Benghazi has witnessed some of the most brutal fighting of the Libyan civil war. Here, the forces of Libya’s eastern government are battling almost street by street with the militias that oppose them to decide what many believe could be the country’s future.
Benghazi has come to mean many things to many people. However, what, in the popular imagination, Benghazi is not is the home of one of Libya’s last remaining horse riding clubs.
Within sound of the shelling, 21 year old Nouria Sheikh describes the release she gains from riding. Riding, she says, is "a great sensation and an indescribable comfort.”. Noria is one of the instructors at the Martyrs of Benghazi’s Riding Club located in Sidi Al Khalifa, to the east of the city of Benghazi around 45 kilometers from the war’s ever shifting frontline.
Though Nouria has been riding since she was ten, her transition to professional only occurred in the last few years, after her career in the sport was interrupted when the fighting caused her former club, Libyan Marbit to close."Eight months passed without me riding a horse. It was a very difficult period,”Nouria said. However, that changed in August 2015, when a group of businessmen made the unlikely decision to invest in the Martyrs of Benghazi’s Riding Club.
Despite the fighting, the club has witnessed an increase in its membership since it opened. According to one of its founders, Sanad El Barki, the club’s success comes partly from its distance from the city of Benghazi and therefore much of the fighting. In addition to the 50 trainers, 46 people work at Martyrs of Benghazi’s Riding Club in capacities ranging from administrators to stable hands to the security guards who stand vigil outside. .
For Nouria, the club has been a lifeline. Her riding ability has progressed dramatically since she joined, setting her ahead of her peers within the club and leading ultimately to the offer of an instructor’s job, the only woman at the Club to receive such a vote of confidence. Despite her age, and her English literature degree at the Faculty of Arts at the University of Benghazi, Nouria is now responsible for teaching the basics of riding to around 35 girls as eager as her to progress within the sport.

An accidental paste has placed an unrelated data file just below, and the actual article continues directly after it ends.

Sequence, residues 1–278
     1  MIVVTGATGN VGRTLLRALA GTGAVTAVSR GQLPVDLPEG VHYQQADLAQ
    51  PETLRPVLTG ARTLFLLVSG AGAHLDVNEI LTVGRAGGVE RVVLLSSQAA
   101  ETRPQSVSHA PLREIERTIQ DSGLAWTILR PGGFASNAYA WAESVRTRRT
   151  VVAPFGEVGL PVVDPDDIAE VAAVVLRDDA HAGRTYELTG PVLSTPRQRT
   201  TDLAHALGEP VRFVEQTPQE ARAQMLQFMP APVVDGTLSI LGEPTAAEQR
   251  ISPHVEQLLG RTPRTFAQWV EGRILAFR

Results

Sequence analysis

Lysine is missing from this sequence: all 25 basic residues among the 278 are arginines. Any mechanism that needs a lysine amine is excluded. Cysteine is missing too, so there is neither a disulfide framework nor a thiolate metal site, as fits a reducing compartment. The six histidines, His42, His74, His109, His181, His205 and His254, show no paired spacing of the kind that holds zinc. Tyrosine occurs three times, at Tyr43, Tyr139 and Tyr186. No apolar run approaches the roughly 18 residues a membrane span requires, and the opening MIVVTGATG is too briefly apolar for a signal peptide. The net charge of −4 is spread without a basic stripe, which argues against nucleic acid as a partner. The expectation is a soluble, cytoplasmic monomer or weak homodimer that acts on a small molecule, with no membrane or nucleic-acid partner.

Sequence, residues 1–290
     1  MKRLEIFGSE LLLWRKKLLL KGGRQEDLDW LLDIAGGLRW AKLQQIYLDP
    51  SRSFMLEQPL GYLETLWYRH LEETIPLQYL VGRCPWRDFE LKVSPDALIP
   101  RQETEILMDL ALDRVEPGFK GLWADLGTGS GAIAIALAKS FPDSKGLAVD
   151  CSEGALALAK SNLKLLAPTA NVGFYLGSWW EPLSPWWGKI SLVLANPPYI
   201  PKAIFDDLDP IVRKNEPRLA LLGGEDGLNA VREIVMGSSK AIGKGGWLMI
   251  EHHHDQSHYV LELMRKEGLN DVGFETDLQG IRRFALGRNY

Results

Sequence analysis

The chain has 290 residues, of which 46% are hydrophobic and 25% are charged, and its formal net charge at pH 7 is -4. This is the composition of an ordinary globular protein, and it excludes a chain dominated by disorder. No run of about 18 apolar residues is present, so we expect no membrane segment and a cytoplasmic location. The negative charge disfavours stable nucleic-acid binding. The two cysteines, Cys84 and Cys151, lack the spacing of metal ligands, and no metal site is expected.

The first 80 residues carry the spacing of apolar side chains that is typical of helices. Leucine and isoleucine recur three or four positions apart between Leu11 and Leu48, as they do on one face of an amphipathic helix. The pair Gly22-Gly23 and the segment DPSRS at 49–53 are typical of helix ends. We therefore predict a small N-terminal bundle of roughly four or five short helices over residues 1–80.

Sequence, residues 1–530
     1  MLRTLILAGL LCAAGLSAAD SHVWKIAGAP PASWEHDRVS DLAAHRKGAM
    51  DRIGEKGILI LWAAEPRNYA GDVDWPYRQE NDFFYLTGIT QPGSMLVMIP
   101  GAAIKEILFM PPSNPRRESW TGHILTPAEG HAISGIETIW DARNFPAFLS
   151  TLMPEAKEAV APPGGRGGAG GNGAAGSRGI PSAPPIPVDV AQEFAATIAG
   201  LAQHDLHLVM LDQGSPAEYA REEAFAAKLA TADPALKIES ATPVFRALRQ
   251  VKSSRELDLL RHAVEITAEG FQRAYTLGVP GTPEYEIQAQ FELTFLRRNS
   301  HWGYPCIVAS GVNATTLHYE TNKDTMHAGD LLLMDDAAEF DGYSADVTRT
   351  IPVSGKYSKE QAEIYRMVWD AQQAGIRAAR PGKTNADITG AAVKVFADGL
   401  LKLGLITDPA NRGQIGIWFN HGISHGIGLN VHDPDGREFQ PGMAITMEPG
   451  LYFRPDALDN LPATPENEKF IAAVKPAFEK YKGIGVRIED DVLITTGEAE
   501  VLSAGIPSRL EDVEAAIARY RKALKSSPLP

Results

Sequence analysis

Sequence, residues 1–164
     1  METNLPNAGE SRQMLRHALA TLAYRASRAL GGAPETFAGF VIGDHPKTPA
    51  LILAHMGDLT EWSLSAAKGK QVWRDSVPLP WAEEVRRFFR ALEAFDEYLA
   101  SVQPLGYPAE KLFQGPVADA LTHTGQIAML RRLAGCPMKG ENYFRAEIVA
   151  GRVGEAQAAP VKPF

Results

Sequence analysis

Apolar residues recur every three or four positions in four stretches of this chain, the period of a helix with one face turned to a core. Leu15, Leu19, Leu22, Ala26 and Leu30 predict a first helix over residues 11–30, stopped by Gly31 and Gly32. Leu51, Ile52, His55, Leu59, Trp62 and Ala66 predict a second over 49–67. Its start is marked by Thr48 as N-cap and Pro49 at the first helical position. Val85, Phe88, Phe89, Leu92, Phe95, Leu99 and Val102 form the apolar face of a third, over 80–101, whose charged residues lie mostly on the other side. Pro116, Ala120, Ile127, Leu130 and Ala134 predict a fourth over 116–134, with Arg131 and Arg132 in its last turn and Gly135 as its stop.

However, resistance to Nouria and the girls at the club comes not just from those worried about the risks from the fighting, but from a society that believes in the importance of veiling its women. However, as Nouria says, "One of the reasons I love horses is because our Prophet Muhammad spoke so highly of them."
Nouria’s public debut came in March 2016 when she rode through the streets of Tripoli in the traditional robes of the country’s east at a festival celebrating Libya’s national dress. It was a further step in a remarkable journey. Nevertheless, Noura’s burning ambitions remain. One day she dreams of owning her own riding club and making an impact on the sport in both Benghazi and Libya. However, whether Libya can still be home to such dreams remains to be seen.